Flaw on the Official Facebook Chat Plugin enabled Social Engineering Attacks

A flaw in The Official Facebook Chat Plugin made it possible for low-level authenticated attackers to connect their own Facebook Messenger account to any site running the vulnerable plugin and engage in chats with site visitors on affected sites. This WordPress plugin is currently installed on over 80,000 sites.

What is the Facebook Chat plugin

The Official WordPress Facebook Chat plugin is a very simple plugin that is used to add a “Facebook Messenger” chat pop-up to any WordPress site and connect a site owner’s chosen Facebook page to receive messages and interact with site visitors.

This vulnerability could be exploited and easily go undetected by a site owner, causing site visitors to interact with an attacker instead of the site owner. Exploit attempts targeting this vulnerability could easily be used as part of a social engineering attack by posing as a site owner requesting personally identifiable information, credentials, or other information.

Another possible scenario for this vulnerability to be exploited is that a competitor could use it to their advantage. By supplying nothing for the pageid parameter, a competitor could completely disable the chat, causing a loss of availability for the chat service, potentially resulting in a loss of sales.

How WordFence explains the Facebook Chat plugin vulnerability issue below

It does most of the design work through a dialog on Facebook.com However, once finished it updates the plugin options fbmcc_pageID and fbmcc_locale to set the chat’s page ID that will be connected to the pop-up on the front end of the site, and the language localization that should be used.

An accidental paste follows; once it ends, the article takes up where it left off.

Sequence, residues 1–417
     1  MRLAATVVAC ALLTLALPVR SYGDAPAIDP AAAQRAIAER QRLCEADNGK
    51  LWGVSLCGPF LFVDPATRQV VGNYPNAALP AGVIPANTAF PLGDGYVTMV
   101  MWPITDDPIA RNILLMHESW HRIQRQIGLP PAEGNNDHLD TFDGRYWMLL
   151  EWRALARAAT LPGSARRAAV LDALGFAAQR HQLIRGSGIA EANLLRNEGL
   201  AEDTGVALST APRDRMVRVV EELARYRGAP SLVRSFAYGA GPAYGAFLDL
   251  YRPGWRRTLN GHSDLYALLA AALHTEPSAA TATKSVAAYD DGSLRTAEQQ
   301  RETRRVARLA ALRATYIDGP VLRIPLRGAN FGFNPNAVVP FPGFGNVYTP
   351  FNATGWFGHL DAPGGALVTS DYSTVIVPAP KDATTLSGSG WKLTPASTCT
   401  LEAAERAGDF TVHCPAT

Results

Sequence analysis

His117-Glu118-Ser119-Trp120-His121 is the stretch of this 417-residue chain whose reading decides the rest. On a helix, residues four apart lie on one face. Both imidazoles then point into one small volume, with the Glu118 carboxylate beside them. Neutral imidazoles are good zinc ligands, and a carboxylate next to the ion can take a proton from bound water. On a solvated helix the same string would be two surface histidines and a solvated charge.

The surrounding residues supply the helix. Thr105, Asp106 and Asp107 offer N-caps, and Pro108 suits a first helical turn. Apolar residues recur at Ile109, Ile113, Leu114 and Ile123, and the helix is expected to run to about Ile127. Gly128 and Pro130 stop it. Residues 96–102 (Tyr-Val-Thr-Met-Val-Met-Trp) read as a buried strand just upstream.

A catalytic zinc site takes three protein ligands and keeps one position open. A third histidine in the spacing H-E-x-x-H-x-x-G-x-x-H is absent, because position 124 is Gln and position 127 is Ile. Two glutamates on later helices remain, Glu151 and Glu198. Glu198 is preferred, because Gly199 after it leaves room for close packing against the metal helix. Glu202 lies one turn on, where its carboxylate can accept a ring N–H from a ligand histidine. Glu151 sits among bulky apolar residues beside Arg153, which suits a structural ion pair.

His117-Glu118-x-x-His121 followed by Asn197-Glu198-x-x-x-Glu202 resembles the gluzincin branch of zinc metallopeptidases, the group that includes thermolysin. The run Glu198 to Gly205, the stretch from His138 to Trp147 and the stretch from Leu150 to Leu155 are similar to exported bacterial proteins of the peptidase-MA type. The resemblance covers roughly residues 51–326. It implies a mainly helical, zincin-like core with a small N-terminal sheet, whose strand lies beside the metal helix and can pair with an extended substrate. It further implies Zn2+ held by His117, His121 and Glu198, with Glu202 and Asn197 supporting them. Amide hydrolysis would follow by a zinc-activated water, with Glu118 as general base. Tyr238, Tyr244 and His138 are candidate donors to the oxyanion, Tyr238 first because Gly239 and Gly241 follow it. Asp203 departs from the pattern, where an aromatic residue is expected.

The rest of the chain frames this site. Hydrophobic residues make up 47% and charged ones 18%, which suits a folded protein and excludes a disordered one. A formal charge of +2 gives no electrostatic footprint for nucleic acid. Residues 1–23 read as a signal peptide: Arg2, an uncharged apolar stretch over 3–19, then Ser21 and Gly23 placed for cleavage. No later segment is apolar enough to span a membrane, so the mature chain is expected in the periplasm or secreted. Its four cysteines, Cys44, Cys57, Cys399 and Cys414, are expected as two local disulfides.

In order to do so, the plugin registered an AJAX action wp_ajax_update_options hooked to the fbmcc_update_options function.

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add_action( 'wp_ajax_update_options', 'fbmcc_update_options');
function fbmcc_update_options() {
  check_ajax_referer( 'update_fmcc_code' );
  update_option( 'fbmcc_pageID', sanitize_text_field($_POST['pageID']));
  update_option( 'fbmcc_locale', sanitize_text_field($_POST['locale']));
  wp_die();
}

Unfortunately, this AJAX action had no capability checks to verify that a request was coming from an authenticated administrator. This made it possible for any authenticated user, including subscriber level accounts, to send a request to update the options and hook-up their own Facebook Messenger account.

This flaw has been fully patched in version 1.6. We recommend that users immediately update to the latest version available, which is version 1.6 at the time of this publication.

How can you protect yourself as a site visitor?

Never, in any situation, divulge sensitive information, like access credentials or credit card data, to anyone unless you can truly verify the person or company is who they say they are and they have a legitimate “need to know.”

Both sites using Wordfence Premium and those still using the free version of Wordfence are protected from attacks against this vulnerability. If you know a friend or colleague who is using this plugin on their site, we highly recommend forwarding this advisory to them to help keep their sites protected as this is a critical security update.

Read more about this vulnerability on the WordFence Blog

Read more of our WPChase security blogs here

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